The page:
Conclusion

EEC syndrome patients have various manifestation with various system involvement. The occurrence of EEC with cardiac disease is very rare and we have reported first case report of its type. Genetic analysis is the key for correct diagnosis of the EEC syndrome. Treatment involves multidisciplinary team, which takes care of associated malformations. Regular and strict follow up should be done of these patients. Prenatal counseling and genetic screening should be done for all couples who have previous EEC syndrome affected neonate.

Conflict of Interest Statement

The authors declare that the research was conducted in the absence of any commercial or financial relationships that could be construed as a potential conflict of interest.

Footnote

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Keywords: ectrodactyly ectodermal dysplasia–cleft, cleft hand or lobster claw hand/foot, Tetralogy of Fallot, TP63 gene, R280C mutation

Citation: Sharma D, Kumar C, Bhalerao S, Pandita A, Shastri S and Sharma P (2015) Ectrodactyly, ectodermal dysplasia, cleft lip, and palate (EEC syndrome) with Tetralogy of Fallot: a very rare combination. Front. Pediatr. 3:51. doi: 10.3389/fped.2015.00051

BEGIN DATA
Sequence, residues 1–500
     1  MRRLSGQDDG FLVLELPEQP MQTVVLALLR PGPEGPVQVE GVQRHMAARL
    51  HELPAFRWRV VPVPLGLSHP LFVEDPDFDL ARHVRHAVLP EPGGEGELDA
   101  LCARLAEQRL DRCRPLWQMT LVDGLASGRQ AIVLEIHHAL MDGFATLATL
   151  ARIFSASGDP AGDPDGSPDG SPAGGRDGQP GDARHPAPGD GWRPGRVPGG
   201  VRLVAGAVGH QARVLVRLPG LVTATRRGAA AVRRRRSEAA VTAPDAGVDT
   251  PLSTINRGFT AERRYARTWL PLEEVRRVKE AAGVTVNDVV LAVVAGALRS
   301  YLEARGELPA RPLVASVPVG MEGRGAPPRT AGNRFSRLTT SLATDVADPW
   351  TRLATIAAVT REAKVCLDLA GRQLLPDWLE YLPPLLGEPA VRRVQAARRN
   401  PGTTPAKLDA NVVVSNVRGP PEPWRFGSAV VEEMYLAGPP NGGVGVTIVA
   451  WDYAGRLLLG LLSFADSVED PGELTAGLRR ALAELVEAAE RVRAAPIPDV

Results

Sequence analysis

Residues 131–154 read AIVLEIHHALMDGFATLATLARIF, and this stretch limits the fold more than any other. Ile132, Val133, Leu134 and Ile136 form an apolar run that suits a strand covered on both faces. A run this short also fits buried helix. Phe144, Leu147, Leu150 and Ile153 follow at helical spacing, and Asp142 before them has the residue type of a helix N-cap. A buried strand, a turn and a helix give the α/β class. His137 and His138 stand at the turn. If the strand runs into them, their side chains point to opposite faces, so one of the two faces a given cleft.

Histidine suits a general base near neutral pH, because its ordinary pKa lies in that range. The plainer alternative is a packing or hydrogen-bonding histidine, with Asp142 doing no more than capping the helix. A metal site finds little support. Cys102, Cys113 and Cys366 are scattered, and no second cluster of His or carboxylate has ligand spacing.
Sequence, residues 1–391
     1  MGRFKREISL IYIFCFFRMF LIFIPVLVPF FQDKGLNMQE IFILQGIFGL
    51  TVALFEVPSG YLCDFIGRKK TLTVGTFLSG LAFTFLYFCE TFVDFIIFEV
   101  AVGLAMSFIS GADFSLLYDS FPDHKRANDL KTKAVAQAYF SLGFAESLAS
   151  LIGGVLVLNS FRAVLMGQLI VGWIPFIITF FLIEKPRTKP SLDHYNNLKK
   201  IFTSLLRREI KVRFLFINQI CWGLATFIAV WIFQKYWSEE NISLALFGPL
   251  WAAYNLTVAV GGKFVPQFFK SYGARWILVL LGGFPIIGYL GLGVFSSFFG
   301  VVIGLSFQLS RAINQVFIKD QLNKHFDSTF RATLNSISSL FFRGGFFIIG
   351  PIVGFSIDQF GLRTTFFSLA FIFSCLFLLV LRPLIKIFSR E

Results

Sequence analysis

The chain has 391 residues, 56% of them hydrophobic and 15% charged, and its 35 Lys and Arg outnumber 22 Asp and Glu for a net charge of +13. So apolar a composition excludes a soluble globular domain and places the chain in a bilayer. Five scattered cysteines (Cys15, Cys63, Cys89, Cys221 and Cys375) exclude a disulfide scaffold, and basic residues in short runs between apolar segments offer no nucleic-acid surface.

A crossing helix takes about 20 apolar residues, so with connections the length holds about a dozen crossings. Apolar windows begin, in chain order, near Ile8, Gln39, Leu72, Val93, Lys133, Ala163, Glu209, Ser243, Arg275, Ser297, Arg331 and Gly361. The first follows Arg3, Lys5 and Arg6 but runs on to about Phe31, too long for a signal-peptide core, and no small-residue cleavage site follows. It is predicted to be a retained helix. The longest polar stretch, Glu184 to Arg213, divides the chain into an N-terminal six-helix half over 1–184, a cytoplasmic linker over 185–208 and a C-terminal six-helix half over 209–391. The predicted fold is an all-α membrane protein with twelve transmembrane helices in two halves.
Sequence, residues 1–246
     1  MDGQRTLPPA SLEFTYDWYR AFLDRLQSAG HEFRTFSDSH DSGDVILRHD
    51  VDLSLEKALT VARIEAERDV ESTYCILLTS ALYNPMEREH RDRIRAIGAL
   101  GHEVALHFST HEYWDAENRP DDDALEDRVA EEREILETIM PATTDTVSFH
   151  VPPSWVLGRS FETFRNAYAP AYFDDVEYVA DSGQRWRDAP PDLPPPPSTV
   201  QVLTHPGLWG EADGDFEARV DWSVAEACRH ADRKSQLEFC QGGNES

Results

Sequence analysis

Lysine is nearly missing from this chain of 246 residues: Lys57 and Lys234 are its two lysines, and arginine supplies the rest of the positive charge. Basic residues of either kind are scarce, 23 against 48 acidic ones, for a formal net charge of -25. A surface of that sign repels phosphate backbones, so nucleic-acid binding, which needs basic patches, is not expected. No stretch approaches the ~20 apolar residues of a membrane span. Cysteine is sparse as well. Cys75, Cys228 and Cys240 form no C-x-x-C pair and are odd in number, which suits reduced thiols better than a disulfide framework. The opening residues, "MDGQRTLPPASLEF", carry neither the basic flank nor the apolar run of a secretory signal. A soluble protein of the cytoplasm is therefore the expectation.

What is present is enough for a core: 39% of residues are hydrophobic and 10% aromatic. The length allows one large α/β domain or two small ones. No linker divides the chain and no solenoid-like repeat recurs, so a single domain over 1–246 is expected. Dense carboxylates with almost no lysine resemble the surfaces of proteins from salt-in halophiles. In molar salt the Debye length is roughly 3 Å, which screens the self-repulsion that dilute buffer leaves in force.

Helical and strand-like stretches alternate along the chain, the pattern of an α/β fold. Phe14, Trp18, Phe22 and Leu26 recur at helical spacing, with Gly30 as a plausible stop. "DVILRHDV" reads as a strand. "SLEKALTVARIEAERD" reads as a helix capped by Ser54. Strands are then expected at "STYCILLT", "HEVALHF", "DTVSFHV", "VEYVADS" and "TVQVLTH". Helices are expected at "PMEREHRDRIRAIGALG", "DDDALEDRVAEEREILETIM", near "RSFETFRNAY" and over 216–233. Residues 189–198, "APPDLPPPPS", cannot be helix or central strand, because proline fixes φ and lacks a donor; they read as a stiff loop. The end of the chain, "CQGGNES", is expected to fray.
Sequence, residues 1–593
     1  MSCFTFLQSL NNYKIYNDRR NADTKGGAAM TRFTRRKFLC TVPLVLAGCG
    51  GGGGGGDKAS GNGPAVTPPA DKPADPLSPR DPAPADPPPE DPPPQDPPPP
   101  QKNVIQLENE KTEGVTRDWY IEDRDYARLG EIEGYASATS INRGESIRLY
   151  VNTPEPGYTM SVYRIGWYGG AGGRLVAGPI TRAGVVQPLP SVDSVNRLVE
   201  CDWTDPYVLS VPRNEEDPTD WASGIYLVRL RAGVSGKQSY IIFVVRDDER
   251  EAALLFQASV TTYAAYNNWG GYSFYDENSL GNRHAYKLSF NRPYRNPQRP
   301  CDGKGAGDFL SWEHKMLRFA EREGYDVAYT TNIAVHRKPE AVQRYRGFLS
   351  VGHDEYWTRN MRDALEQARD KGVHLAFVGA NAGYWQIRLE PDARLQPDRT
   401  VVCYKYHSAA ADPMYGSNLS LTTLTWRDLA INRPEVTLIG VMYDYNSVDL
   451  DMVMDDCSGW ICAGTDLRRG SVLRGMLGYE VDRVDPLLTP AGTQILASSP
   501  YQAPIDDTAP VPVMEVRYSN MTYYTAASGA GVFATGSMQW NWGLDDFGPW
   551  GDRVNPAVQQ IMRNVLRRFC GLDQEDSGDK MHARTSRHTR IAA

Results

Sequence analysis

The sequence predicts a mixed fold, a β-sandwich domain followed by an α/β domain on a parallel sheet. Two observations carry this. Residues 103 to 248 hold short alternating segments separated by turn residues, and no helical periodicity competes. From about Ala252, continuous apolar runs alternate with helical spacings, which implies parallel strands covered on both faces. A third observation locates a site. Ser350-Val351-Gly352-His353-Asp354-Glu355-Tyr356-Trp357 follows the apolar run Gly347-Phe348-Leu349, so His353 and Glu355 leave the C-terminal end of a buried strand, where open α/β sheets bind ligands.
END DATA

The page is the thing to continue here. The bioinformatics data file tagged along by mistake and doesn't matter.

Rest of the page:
Received: 29 March 2015; Accepted: 21 May 2015;
Published: 16 June 2015

Edited by:

Ashraf AbdulRahman El-Harouni, King Abdulaziz University, Saudi Arabia

Reviewed by:

Nicole Sekarski, University Hospital of the Canton Vaud, Switzerland
Aída Beatriz Falcón De Vargas, Hospital Vargas de Caracas, Venezuela

Copyright: © 2015 Sharma, Kumar, Bhalerao, Pandita, Shastri and Sharma. This is an open-access article distributed under the terms of the Creative Commons Attribution License (CC BY). The use, distribution or reproduction in other forums is permitted, provided the original author(s) or licensor are credited and that the original publication in this journal is cited, in accordance with accepted academic practice. No use, distribution or reproduction is permitted which does not comply with these terms.

*Correspondence: Deepak Sharma, Department of Neonatology, Fernandez Hospital, Hyderabad, India, dr.deepak.rohatk@gmail.com;
Chetan Kumar, Department of Pediatrics, Madras Institute of Orthopedic and Trauma, Chennai, India, sck_2000in@hotmail.com